What is known already: PGD has been suggested as a technique to determine the level of mtDNA heteroplasmy in oocytes and embryos to avoid the transmission of heritable mtDNA disorders. A strong correlation between first PBs and oocytes and between second PBs and zygotes was reported in mice but is controversial in humans. So far, the levels of mtDNA heteroplasmy in first PBs, second PBs and their corresponding oocytes, zygotes and blastomeres, TE and blastocysts have not been analysed within the same embryo.
Study design, size and duration: We explored the suitability of PGD by comparing the level of mtDNA heteroplasmy between first PBs and metaphase II (MII) oocytes (n {\textonequarter} 33), between first PBs, second PBs and zygotes (n {\textonequarter} 30), and between first PBs, second PBs and their corresponding blastomeres of 2- (n {\textonequarter} 10), 4- (n {\textonequarter} 10) and 8-cell embryos (n {\textonequarter} 11). Levels of mtDNA heteroplasmy in second PBs (n {\textonequarter} 20), single blastomeres from 8-cell embryos (n {\textonequarter} 20), TE (n {\textonequarter} 20) and blastocysts (n {\textonequarter} 20) were also compared.
Participants/materials, setting,methods: Heteroplasmic mice (BALB/cOlaHsd), containingmtDNAmixtures ofBALB/cByJ and NZB/OlaHsd,were used in this study. The first PBs were biopsied from in vivo matured MII oocytes. The ooplasm was then subjected to ICSI. After fertilization, second PBs were biopsied and zygotes were cultured to recover individual blastomeres from 2-, 4- and 8-cell embryos. Similarly, second PBs were biopsied from in vivo fertilized zygotes and single blastomeres were biopsied from 8-cell stage embryos. The remaining embryowas cultured until the blastocyst stage to isolate TE cells. Polymerase chain reaction followedby restriction fragment length polymorphism was performed to measure the level of mtDNA heteroplasmy in individual samples.
Main results and the role of chance: Modest correlations and wide prediction interval [PI at 95\% confidence interval (CI)] were observed in the level ofmtDNAheteroplasmy between first PBs and their corresponding MII oocytes (r2 {\textonequarter} 0.56; PI {\textonequarter} 45.96\%) and zygotes (r2 {\textonequarter} 0.69; PI {\textonequarter} 37.07\%). The modest correlations and wide PI were observed between second PBs and their corresponding zygotes (r2 {\textonequarter} 0.65; PI {\textonequarter} 39.69\%), single blastomeres (r2 {\textonequarter} 0.42; PI {\textonequarter} 48.04\%), TE (r2 {\textonequarter} 0.26; PI {\textonequarter} 54.79\%) and whole blastocysts (r2 {\textonequarter} 0.40; PI {\textonequarter} 57.48\%). A strong correlation with a narrow PI was observed among individual blastomeres of 2-, 4- and 8-cell stage embryos (r2 {\textonequarter} 0.92; PI {\textonequarter} 11.73\%, r2 {\textonequarter} 0.86; PI {\textonequarter} 18.85\% and r2 {\textonequarter} 0.85; PI {\textonequarter} 21.42\%, respectively), and also between TE and whole blastocysts (r2 {\textonequarter} 0.90; PI {\textonequarter} 23.58\%). Moreover, single blastomeres from 8-cell stage embryos showed a close correlation and an intermediate PI with corresponding TE cells (r2 {\textonequarter} 0.81; PI {\textonequarter} 28.15\%) and blastocysts (r2 {\textonequarter} 0.76; PI {\textonequarter} 36.43\%).
Limitations, reasons for caution: These results in a heteroplasmic mitochondrial mouse model should be further verified in patients with mtDNA disorders to explore the reliability of PGD.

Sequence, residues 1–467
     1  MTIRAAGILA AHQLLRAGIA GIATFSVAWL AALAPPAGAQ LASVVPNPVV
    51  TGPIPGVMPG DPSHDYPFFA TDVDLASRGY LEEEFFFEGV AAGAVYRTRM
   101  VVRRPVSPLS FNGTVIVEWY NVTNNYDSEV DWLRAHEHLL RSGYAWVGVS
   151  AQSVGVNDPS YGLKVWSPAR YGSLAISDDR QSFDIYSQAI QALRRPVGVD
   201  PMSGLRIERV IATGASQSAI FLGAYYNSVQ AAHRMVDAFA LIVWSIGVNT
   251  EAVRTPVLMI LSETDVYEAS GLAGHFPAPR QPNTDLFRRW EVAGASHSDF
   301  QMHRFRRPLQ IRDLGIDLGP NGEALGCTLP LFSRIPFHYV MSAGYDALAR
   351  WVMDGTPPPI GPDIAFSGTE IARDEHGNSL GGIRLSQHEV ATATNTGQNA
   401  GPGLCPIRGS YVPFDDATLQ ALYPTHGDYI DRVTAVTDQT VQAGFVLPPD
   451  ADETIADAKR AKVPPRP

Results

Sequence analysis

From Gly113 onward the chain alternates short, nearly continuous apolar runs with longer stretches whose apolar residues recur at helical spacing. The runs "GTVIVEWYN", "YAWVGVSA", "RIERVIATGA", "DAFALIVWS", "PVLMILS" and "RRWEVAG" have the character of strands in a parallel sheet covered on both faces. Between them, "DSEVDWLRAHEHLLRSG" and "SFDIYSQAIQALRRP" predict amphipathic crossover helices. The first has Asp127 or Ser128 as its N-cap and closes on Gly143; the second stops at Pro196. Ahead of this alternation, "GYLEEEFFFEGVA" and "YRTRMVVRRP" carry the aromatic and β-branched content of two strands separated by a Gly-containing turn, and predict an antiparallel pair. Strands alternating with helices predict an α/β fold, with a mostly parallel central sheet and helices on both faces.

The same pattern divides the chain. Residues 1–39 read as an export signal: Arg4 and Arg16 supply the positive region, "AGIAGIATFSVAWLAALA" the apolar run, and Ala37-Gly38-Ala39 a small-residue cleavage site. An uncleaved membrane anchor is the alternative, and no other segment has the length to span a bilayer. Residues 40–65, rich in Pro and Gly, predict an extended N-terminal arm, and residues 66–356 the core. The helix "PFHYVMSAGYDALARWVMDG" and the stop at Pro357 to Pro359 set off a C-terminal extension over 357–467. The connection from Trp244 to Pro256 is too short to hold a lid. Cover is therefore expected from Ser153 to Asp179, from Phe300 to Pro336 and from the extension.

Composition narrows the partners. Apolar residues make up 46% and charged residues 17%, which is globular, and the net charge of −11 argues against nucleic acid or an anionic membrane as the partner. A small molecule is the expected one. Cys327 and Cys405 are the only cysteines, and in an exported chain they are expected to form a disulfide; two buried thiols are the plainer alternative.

Wider implications of the findings: To avoid the transmission of heritable mtDNA disorders, PGD techniques should accurately determine the level of heteroplasmy in biopsied cells faithfully representing the heteroplasmic load in oocytes and preimplantation embryos. Unlike previous PGD studies in mice, our results accord with PGD results for mitochondrial disorders in humans, and question the reliability of PGD using different stages of embryonic development.
Study funding/competing interest(s): This work was funded by a doctoral grant provided by the Special Research Fund (BOF) to J.N. (grant number, 01D05611) and a postdoctoral grant provided by Research Foundation-Flanders (FWO) to M.V. (grant number, 1248413N). P.S. is holder of a fundamental clinical research mandate by FWO-Vlaanderen (Flemish fund for scientific research).
Trial registration number: Not applicable},
  author       = {Neupane, Jitesh and Vandewoestyne, Mado and Heindryckx, Bj{\"o}rn and Ghimire, Sabitri and Lu, Yuechao and Qian, Chen and Lierman, Sylvie and Van Coster, Rudy and Gerris, Jan and Deroo, Tom and Deforce, Dieter and De Sutter, Petra},
  issn         = {0268-1161},
  journal      = {HUMAN REPRODUCTION},
  keyword      = {preimplantation embryos,preimplantation genetic diagnosis,mtDNA heteroplasmy,mitochondrial DNA,mtDNA disorders,MUTATION LOAD,POLAR BODIES,DNA,MTDNA,SEGREGATION,OOCYTES,PGD,TRANSMISSION,INHERITANCE,BLASTOMERES},
  language     = {eng},
  number       = {4},
  pages        = {852--859},
  title        = {A systematic analysis of the suitability of preimplantation genetic diagnosis for mitochondrial diseases in a heteroplasmic mitochondrial mouse model},
  url          = {http://dx.doi.org/10.1093/humrep/deu016},
  volume       = {29},
  year         = {2014},
}

Chicago
Neupane, Jitesh, Mado Vandewoestyne, Björn Heindryckx, Sabitri Ghimire, Yuechao Lu, Chen Qian, Sylvie Lierman, et al. 2014. “A Systematic Analysis of the Suitability of Preimplantation Genetic Diagnosis for Mitochondrial Diseases in a Heteroplasmic Mitochondrial Mouse Model.” Human Reproduction 29 (4): 852–859.
APA
Neupane, J., Vandewoestyne, M., Heindryckx, B., Ghimire, S., Lu, Y., Qian, C., Lierman, S., et al. (2014). A systematic analysis of the suitability of preimplantation genetic diagnosis for mitochondrial diseases in a heteroplasmic mitochondrial mouse model. HUMAN REPRODUCTION, 29(4), 852–859.
Vancouver
1.
Neupane J, Vandewoestyne M, Heindryckx B, Ghimire S, Lu Y, Qian C, et al. A systematic analysis of the suitability of preimplantation genetic diagnosis for mitochondrial diseases in a heteroplasmic mitochondrial mouse model. HUMAN REPRODUCTION. 2014;29(4):852–9.
MLA
Neupane, Jitesh, Mado Vandewoestyne, Björn Heindryckx, et al. “A Systematic Analysis of the Suitability of Preimplantation Genetic Diagnosis for Mitochondrial Diseases in a Heteroplasmic Mitochondrial Mouse Model.” HUMAN REPRODUCTION 29.4 (2014): 852–859. Print.